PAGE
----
The military is increasingly turning its attention to war in megacities and the issues that will bring.
Estimates are that by 2050 there could be over 50 megacities (defined by populations of more than 10 million people) and nearly 90 large cities (defined by populations of 5 million to 10 million people), meaning large urban areas will be unavoidable.
“Clearly, war in urban settings is going to happen … our military doctrine used to tell commanders to avoid cities altogether, bypass cities if you can do it,” Gen. Stephen Townsend, commander of Army Training and Doctrine Command, said via teleconference at the LANPAC conference hosted May 22 by AUSA in Honolulu, Hawaii.
“The enemy will dig into cities … clearly it will be impossible to avoid combat in large cities, in megacities in the future.”
Command and control
The problem, Townsend noted, is that the pace of operations in large cities might be too much for current command-and-control systems.
In observing Iraqi counterparts during his time as the commander of the global anti-Islamic State group coalition in Iraq and Syria, Townsend explained that maps, imagery and command-and-control systems had a hard time keeping up with the battle.
“The urban landscape changes so rapidly that our C2 systems, our targeting systems, wherever we had maps and imagery became outdated very quickly because the urban landscape was changing faster than we could update our imagery that we were looking at the battlefield with,” he said.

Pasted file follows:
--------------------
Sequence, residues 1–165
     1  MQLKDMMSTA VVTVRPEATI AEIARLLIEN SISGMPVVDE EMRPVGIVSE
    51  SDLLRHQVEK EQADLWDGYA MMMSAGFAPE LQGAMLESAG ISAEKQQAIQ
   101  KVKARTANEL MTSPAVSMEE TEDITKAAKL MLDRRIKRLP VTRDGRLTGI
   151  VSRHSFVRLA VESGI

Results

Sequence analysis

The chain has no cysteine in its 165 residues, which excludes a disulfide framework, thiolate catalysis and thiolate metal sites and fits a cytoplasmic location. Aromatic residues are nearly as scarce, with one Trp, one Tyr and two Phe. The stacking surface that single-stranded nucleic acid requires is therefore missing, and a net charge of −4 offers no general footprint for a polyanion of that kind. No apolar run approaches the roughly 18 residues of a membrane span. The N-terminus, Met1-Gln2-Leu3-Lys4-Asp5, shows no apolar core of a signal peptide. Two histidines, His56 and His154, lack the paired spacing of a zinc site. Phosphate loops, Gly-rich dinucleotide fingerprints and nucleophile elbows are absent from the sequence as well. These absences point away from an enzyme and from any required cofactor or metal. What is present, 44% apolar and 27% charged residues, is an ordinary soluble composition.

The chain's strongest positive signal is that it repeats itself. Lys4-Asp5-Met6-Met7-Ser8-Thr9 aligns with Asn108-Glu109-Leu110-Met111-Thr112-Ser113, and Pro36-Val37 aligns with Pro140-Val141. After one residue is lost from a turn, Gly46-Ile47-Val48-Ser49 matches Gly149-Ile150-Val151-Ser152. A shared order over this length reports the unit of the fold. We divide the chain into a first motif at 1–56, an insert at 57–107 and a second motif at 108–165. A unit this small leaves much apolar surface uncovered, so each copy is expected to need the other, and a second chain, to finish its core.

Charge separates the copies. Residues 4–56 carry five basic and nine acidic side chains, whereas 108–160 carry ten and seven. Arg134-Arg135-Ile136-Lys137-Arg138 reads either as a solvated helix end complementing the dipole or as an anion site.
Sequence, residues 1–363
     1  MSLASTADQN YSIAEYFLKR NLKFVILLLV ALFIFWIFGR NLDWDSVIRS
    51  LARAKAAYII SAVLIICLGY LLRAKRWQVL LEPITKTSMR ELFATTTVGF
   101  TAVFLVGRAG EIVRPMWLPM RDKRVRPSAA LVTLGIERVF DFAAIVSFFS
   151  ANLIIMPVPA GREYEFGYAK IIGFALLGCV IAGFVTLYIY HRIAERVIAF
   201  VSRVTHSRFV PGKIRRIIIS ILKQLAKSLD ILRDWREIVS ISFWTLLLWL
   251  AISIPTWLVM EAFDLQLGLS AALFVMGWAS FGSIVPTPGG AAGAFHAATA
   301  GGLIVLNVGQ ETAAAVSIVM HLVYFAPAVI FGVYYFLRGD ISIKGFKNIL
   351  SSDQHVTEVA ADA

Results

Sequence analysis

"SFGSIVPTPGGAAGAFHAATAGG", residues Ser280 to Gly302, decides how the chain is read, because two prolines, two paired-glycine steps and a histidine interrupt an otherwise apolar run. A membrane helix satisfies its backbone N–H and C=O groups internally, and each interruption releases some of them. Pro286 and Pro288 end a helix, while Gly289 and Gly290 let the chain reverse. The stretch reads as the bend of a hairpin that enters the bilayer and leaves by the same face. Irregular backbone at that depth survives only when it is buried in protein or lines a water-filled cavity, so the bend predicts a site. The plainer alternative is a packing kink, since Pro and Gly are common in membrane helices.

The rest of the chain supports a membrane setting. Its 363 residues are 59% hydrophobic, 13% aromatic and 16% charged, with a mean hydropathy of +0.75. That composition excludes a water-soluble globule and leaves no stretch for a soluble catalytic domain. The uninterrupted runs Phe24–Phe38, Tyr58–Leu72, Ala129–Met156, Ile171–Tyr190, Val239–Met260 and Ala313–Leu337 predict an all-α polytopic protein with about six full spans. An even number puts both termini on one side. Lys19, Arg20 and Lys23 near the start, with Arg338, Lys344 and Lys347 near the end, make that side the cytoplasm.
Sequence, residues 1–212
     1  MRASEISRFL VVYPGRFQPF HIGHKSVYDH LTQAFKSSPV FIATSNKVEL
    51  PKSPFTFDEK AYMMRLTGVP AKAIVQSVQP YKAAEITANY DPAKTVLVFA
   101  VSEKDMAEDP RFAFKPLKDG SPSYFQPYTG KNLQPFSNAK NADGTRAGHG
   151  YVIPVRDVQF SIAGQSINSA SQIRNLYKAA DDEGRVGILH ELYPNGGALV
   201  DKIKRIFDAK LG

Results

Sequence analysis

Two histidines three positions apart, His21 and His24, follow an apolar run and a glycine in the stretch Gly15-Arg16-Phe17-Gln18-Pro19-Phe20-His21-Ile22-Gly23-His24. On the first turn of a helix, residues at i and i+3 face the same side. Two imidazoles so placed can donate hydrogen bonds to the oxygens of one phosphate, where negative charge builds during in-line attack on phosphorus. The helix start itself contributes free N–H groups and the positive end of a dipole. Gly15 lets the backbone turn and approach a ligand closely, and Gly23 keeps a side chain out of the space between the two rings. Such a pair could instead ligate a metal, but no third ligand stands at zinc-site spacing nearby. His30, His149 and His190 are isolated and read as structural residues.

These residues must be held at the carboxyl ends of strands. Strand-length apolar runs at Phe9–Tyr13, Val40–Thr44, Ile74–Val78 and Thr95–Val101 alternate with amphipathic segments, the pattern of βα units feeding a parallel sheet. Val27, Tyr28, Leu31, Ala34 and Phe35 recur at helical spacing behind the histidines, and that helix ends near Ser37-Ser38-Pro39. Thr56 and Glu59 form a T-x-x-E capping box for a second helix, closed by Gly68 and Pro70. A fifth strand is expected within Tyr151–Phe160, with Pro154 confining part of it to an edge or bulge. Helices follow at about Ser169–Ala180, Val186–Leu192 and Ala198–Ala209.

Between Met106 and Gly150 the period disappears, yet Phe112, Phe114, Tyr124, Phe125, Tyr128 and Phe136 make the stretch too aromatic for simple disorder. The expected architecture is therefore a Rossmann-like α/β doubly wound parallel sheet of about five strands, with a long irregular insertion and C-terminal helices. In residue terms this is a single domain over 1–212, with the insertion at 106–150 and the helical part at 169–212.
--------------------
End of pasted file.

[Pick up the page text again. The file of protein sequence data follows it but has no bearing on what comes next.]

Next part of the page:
Townsend said that communications gear will be challenged in these types of environments as well. Speaking earlier this year, he said the Army’s future network in a multidomain environment, likely in a megacity, will have to be able to operate and survive in the contested environment of electronic warfare and must enable forces to be semi-independent, dispersed and capable of rapid and precise joint fires in support of maneuver.
The Army's incoming Training and Doctrine Command commander said the network will underpin operations in complex environments going forward.
“As powerful as our mission command systems are, they are all challenged by the environment, the complex terrain that is a modern city and you can’t go more than about one room deep in a building without losing comms with whoever’s outside that building,” he explained.
“You can’t go more than one floor deep underground without losing comms with everybody who’s up on the surface. You can’t go more than two or three floors up without losing comms again.”
In the absence of advanced communications gear, Townsend said the idea of using mission orders to convey commander’s intent and empower soldiers at the tactical edge is how battle is going to play out in megacities.